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Supreme Court, Appellate Division, First Department, New York.

IN RE: Allen J. VIRAG, an attorney and counselor-at-law. Departmental Disciplinary Committee for the FIrst Judicial Department, Petitioner, Allen J. Virag, Esq., Respondent.

Decided: May 29, 2003

ANGELA M. MAZZARELLI, Justice Presiding, RICHARD T. ANDRIAS, DAVID B. SAXE, BETTY WEINBERG ELLERIN, and MILTON L. WILLIAMS, Justices. Sherry K. Cohen, of counsel (Thomas J. Cahill, Chief Counsel) for petitioner. Richard M. Maltz, Esq., of Benjamin Brotman & Maltz for respondent.

Respondent Allen J. Virag was admitted to the practice of law in the State of New York by the Second Judicial Department on February 21, 1973, and at all times pertinent to this proceeding has maintained an office for the practice of law within the First Judicial Department.

Petitioner, the Departmental Disciplinary Committee for the First Department, seeks an order striking respondent's name from the roll of attorneys, pursuant to Judiciary Law § 90(4)(a) and (b), on the ground that respondent has been automatically disbarred as a result of his conviction of a federal felony that would constitute a New York felony if committed in New York.

Respondent pled guilty on October 3, 2002 to one count of a 24-count information by which he was charged in the United States District Court for the Southern District of New York with mail fraud in violation of 18 USC § 1341 and § 2. The information alleged that respondent and his brother, Mark Virag (see Motion M-403), devised and executed a scheme to obtain approximately $16,000 more in attorney's fees than the amount to which they were entitled in connection with their client's monetary recovery on a personal injury claim.   On February 21, 2003, respondent was sentenced to six months' incarceration and ordered to make restitution based on all the firm's misconduct.

In his plea allocution, respondent admitted that he understood the allegations in count one of the information, which named the client matter and the amount of money withheld from the client.   He admitted that, knowing that the client's retainer agreement had been changed without the client's consent from the sliding scale type to the one-third contingency type, and knowing that as a result of the unauthorized change in the retainer agreement the firm would obtain a larger fee than it was entitled to, and knowing that his conduct was unlawful, he changed the firm's file copy of the agreement and he permitted the case to be settled.   He admitted that he understood that the mails would be used in connection with the settlement.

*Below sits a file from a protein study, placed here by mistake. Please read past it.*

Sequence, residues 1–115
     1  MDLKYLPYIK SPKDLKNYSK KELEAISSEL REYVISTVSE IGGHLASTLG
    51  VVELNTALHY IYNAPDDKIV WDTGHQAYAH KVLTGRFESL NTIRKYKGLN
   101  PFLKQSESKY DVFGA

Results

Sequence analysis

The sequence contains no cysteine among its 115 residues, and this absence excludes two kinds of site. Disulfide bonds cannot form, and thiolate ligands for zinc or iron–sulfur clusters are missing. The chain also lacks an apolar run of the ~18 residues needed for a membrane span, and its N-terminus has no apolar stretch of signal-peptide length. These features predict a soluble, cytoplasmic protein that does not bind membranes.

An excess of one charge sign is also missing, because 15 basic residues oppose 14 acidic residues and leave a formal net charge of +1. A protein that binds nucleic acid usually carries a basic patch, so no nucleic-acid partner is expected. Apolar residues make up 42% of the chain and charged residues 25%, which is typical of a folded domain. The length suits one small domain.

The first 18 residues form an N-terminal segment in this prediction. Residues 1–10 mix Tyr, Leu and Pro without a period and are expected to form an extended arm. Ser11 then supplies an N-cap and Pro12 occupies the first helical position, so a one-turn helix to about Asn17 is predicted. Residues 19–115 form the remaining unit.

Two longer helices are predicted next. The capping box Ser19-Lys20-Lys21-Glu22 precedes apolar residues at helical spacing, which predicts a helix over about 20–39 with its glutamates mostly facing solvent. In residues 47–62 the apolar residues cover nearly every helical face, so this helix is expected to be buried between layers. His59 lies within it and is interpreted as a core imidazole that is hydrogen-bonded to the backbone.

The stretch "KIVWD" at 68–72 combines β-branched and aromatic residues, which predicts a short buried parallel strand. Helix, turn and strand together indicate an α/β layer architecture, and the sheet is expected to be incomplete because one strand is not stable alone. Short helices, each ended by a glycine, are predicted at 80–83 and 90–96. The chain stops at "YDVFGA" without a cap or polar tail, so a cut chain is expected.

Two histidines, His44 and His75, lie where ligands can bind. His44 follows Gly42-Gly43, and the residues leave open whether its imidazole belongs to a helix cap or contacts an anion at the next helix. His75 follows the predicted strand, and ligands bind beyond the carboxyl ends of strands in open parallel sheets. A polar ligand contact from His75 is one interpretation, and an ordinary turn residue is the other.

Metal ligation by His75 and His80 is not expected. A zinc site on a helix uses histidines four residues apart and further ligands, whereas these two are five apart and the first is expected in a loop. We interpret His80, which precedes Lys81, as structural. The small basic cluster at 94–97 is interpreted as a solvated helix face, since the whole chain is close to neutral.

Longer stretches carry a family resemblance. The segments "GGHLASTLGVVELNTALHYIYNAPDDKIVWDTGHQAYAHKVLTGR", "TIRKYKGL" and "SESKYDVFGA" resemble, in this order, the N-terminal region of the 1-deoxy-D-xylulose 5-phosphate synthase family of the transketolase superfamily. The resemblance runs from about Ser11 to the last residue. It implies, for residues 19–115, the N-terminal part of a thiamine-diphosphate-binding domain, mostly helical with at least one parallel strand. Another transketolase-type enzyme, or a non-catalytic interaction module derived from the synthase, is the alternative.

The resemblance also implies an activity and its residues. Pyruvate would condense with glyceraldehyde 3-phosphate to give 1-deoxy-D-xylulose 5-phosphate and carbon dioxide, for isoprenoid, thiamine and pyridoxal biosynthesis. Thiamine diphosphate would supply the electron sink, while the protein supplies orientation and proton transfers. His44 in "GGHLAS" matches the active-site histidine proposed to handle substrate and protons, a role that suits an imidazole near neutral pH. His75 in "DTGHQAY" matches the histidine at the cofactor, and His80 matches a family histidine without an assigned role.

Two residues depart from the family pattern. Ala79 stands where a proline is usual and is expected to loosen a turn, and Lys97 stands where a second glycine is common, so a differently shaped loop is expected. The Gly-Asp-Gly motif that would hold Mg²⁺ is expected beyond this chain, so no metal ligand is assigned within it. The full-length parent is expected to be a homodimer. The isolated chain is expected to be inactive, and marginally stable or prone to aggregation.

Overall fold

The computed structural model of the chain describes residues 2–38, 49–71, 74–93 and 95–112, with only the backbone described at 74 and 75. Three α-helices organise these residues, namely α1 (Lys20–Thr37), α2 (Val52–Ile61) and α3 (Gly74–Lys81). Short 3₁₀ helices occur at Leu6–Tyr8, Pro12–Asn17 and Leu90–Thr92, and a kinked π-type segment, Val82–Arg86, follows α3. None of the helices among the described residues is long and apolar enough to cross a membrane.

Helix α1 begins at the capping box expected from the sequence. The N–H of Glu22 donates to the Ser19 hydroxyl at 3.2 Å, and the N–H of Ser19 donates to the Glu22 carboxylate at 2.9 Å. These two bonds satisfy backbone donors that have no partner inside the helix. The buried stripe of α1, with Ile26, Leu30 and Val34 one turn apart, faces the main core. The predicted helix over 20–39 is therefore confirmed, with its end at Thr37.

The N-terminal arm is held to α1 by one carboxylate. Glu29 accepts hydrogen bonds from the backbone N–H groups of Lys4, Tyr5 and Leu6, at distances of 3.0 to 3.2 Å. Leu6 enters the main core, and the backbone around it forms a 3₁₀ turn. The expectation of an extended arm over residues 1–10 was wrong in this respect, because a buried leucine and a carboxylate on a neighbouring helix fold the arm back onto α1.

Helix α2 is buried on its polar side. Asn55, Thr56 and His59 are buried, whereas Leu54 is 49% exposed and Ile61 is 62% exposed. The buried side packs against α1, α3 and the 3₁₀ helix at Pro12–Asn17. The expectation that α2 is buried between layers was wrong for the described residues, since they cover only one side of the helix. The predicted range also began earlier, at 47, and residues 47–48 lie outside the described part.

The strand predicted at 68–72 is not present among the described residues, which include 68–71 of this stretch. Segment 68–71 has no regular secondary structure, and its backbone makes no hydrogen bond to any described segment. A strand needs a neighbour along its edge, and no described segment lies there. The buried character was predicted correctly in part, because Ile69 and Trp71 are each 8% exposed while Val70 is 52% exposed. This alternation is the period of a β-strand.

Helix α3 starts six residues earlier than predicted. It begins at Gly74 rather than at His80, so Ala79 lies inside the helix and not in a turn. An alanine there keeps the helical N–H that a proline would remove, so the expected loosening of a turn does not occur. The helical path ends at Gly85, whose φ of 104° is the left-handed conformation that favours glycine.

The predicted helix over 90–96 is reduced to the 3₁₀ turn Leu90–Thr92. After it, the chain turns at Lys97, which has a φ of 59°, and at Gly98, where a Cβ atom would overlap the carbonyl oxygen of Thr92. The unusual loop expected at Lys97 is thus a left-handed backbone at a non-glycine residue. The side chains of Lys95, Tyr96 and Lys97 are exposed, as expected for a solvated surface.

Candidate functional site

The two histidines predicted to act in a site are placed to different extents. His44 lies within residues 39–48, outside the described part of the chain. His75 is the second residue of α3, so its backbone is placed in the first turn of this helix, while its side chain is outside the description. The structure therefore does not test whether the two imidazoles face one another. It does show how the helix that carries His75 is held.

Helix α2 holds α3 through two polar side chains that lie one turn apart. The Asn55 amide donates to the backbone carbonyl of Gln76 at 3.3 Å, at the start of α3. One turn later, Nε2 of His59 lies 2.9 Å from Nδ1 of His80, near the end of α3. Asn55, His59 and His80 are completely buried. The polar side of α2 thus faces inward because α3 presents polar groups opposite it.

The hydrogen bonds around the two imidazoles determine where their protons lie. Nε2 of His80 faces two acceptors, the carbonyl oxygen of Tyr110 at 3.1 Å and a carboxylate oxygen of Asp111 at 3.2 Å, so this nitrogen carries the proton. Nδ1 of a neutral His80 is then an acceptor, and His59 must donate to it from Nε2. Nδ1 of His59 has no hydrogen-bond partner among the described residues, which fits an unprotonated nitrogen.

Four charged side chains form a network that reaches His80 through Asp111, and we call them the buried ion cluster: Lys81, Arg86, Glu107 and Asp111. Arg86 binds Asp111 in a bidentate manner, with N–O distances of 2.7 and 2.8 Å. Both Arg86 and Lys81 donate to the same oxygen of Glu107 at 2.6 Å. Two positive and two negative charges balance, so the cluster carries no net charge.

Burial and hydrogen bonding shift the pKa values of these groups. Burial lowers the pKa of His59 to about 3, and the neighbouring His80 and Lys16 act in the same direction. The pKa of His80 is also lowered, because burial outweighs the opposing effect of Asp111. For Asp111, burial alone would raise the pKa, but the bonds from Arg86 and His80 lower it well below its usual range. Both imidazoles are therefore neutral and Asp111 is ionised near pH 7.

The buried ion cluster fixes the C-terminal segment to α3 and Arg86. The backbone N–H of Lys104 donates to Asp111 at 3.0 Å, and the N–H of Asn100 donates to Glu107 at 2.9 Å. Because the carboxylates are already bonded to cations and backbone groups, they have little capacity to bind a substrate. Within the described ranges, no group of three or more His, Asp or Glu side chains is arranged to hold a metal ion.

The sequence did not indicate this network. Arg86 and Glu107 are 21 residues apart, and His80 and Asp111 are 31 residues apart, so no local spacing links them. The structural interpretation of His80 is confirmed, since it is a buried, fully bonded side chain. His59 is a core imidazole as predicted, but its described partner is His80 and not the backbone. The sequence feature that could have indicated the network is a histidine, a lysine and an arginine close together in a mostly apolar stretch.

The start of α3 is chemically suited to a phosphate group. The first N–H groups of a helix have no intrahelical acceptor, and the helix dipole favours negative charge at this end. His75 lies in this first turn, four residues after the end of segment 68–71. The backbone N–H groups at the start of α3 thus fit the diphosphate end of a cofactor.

Respondent contests petitioner's assertion that his admissions in his Federal plea allocution satisfy the elements of the New York felony of grand larceny in the third degree, which are established by proof that a person stole property (Penal Law § 155.05) exceeding $3,000 in value (PL § 155.35).   He contends that his allocution is ambiguous and therefore factually inadequate as a predicate for the petition, that petitioner has drawn erroneous inferences from the allocution, and that his actual behavior is different from that alleged by petitioner.   Respondent seeks an order declaring his criminal offense a “serious crime,” pursuant to Judiciary Law § 90(4)(d), referring the matter for a mitigation hearing, pursuant to 22 NYCRR § 603.12(a), and suspending him on an interim basis until this proceeding is completed.

We find, however, that the elements of grand larceny in the third degree are satisfied by respondent's admissions in the plea allocution, when read in conjunction with count one of the information charging that respondent and his brother withheld approximately $16,745 from their client by making misrepresentations and material omissions in furtherance of their scheme to retain greater sums of money than the amount to which they were entitled in connection with the client's monetary recovery for a personal injury claim (see Matter of Kaye, 217 A.D.2d 197, 198, 634 N.Y.S.2d 118).   Respondent's allocution therefore constitutes a predicate for automatic disbarment under Judiciary Law § 90(4)(b) (id.).

Accordingly, respondent's name should be stricken from the roll of attorneys in this State (Judiciary Law § 90[4][a] and [e];  see Matter of Elkins, 263 A.D.2d 293, 294, 701 N.Y.S.2d 388), effective nunc pro tunc to October 3, 2002.   The cross motion should be denied.

Respondent's name stricken from the roll of attorneys and counselors-at-law in the State of New York, effective nunc pro tunc to October 3, 2002.


All concur.